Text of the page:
In today's newsletter we talk about the selling spree in Chinese markets and the Indian government's clarification to employees of BPCL and Air India.


The Story

So if you haven’t heard already China’s stock market tanked ~8% yesterday. It was the first chance investors had since Jan. 23 to trade, due to the extended Lunar New Year break. And guess what happens? Over $420 Billion wiped out in one single day.

As expected, this rout was a direct consequence of the Coronavirus pandemic wreaking havoc in many parts of mainland China. The premise is simple. Stock markets take their cues from Economic indicators. Except if you are in India. Where the market does its own thing, while the economy does a very different thing. Okay, we are kidding. But back to the main story.

The Chinese economy is unlikely to emerge unscathed from this massive virus outbreak and investors have had 10 days to process this new information and react to it. So as any rational individual would act in such dire circumstances, most Chinese traders sold their stocks and bailed as quickly as they could.

Anyway, once the selling began, Chinese officials did everything in their power to prevent the fall. They pumped in massive amounts of money by buying government securities en masse in the hope that individuals and institutions flush with cash would go out there and buy stocks instead. Unfortunately, that didn't work. They even banned short selling (where people sell stocks by borrowing them from other people in the hope of turning a profit). Didn’t work either. Finally, in one last bid to halt the fall, officials denied major shareholders from selling their stocks for 6 months. But alas, by the end of trading day, it was carnage. More than 3,000 stocks (80% of all Chinese shares) listed on the country’s two major stock exchanges in Shanghai and Shenzhen, saw trading suspended after prices hit a daily limit that caps gains and losses to 10%. And China experienced one of the worst stock market capitulations since 2015.


Don't Fear, Don't Protest

Also, in other news, the government assuages fears of employees at BPCL and Air India about the potential stake sale.

So the government has been talking about selling its stake in BPCL (Bharat Petroleum Corporation Limited) and Air India for a while now. Unfortunately, selling a government-owned entity isn’t quite easy. The most brutal backlash usually comes from the employees. Because when private sector companies take over, they try to weed out inefficiencies by firing staff indiscriminately. One might even contest that these harsh measures are necessary. But no matter how you look at it, this is a potential area of conflict. And with employees taking to the street, selling becomes difficult. If there are political undertones, it becomes even more difficult. So what do you do?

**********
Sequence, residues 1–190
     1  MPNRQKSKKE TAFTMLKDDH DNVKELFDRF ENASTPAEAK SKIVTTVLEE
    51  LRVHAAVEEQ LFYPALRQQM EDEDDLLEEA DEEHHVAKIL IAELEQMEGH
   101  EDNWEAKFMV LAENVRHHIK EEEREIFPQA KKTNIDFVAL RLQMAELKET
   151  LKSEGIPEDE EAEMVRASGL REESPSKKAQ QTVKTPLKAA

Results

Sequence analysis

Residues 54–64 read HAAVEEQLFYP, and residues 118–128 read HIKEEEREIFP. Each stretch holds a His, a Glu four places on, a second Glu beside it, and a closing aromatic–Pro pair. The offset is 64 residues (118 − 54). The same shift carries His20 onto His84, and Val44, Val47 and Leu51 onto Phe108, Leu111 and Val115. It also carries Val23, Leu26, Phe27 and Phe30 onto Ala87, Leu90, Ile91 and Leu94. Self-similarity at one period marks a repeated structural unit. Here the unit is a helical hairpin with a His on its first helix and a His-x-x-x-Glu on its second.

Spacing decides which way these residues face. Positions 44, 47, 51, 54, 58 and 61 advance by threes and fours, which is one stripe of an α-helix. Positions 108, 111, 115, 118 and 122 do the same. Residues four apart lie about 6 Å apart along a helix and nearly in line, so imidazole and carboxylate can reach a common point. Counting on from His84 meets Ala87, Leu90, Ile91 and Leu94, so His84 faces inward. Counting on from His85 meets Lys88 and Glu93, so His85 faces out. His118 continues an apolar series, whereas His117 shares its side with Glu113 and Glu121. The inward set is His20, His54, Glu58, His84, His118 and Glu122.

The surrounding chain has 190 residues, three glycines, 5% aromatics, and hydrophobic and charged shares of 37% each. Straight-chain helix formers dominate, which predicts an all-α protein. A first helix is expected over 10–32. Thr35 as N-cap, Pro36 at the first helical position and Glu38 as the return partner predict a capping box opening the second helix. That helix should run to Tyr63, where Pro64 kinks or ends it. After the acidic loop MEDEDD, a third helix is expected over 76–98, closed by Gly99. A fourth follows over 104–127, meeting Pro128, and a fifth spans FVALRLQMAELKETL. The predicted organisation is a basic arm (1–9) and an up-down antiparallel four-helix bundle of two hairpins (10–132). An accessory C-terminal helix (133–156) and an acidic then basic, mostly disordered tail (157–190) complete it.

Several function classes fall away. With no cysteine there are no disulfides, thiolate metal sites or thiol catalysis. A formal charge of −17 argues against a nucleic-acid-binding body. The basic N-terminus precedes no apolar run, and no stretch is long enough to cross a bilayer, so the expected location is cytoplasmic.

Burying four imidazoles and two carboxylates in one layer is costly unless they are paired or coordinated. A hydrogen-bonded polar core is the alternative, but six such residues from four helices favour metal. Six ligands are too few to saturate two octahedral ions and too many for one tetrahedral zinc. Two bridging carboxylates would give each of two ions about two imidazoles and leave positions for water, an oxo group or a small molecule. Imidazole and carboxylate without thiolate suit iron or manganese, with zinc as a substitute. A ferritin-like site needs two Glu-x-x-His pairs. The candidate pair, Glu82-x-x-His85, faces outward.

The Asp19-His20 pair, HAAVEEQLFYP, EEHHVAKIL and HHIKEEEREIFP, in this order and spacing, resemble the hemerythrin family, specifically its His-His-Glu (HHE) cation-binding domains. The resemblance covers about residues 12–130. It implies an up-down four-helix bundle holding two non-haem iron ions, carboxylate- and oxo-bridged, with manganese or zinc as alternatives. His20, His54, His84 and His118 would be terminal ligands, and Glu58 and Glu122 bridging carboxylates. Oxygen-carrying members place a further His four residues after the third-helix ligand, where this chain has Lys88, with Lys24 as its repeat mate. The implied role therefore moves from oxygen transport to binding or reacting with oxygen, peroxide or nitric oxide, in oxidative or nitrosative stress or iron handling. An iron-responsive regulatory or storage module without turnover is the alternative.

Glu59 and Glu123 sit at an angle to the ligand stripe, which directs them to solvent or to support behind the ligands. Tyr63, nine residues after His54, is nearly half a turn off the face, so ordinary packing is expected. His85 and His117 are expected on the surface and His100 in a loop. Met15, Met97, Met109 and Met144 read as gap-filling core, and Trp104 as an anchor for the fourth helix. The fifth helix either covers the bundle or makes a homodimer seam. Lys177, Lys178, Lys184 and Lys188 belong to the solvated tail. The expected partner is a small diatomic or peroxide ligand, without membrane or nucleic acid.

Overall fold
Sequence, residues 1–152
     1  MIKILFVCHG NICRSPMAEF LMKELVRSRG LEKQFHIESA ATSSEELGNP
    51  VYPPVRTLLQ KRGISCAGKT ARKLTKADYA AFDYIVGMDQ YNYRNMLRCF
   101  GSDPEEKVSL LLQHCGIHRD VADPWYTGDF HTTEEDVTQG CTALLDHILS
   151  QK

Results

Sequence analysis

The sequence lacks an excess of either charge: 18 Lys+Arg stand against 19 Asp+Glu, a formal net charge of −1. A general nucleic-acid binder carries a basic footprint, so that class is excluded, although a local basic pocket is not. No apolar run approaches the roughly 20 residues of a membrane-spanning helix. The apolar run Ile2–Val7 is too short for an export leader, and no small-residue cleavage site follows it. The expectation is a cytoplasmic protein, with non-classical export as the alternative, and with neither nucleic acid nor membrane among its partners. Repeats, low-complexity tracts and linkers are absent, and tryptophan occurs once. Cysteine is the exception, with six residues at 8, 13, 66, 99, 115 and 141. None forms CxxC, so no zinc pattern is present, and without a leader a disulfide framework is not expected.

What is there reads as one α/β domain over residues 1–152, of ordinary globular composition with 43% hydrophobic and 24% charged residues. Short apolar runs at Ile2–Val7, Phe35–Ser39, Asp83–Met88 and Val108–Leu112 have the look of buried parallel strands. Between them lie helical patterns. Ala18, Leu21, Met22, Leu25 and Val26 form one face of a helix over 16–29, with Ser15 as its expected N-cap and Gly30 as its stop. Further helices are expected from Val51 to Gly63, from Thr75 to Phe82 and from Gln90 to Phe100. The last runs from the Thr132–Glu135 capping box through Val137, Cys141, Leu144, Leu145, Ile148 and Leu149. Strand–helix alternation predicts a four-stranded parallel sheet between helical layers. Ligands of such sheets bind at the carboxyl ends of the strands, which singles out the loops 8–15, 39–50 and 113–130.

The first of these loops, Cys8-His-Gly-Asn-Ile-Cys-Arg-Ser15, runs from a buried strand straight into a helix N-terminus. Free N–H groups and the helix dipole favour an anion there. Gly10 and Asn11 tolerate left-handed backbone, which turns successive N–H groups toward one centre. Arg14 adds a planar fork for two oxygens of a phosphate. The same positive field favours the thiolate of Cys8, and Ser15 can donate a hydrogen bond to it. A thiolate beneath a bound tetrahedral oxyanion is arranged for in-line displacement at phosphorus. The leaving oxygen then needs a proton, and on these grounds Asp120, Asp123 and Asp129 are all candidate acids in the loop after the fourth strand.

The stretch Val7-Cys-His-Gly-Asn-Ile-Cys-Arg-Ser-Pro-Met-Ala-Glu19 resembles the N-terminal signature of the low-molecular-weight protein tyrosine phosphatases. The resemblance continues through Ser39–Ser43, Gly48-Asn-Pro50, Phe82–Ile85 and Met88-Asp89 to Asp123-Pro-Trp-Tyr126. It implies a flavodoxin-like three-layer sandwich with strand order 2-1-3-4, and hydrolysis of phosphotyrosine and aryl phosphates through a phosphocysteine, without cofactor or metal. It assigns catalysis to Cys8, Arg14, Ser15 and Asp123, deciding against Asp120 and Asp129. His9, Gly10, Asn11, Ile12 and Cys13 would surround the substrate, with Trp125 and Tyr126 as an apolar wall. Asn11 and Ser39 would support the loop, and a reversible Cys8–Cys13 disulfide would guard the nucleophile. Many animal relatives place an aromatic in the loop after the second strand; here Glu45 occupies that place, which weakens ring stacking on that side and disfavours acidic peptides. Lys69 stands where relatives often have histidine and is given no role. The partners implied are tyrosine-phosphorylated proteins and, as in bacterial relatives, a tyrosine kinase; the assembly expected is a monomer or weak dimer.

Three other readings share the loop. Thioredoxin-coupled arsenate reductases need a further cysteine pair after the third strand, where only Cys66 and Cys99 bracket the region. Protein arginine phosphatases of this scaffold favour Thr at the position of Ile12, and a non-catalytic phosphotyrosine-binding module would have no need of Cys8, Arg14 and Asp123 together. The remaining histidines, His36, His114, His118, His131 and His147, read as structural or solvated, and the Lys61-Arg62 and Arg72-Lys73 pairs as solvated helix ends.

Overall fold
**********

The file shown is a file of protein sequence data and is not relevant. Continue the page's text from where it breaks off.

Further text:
The only thing that you can do is strike a balance. So the government recently noted that there will be certain protective measures incorporated into the share purchase agreement so that when companies do take over, they won’t have a free hand to do as they please. But then this introduces another complexity. If these restrictions are overbearing, companies will be tentative about buying the likes of BPCL and Air India in the first place and considering the government is cash strapped, for now, that can’t be good either.

So despite stating that they will do everything in their power to protect employee interests, it is hard to be completely convinced by this argument. But here’s hoping that they are able to strike a good deal nonetheless.

Also, we’ve received a lot of queries about our piece on the NRI taxation policy yesterday. We must sincerely apologise for getting it wrong. As many have rightly pointed out, the NRI tax law still has many ambiguous bits embedded within it and we aren’t entirely sure what the intricacies are yet. So you will have to bear with us, while we collect more details on this subject. We will return to this story soon.

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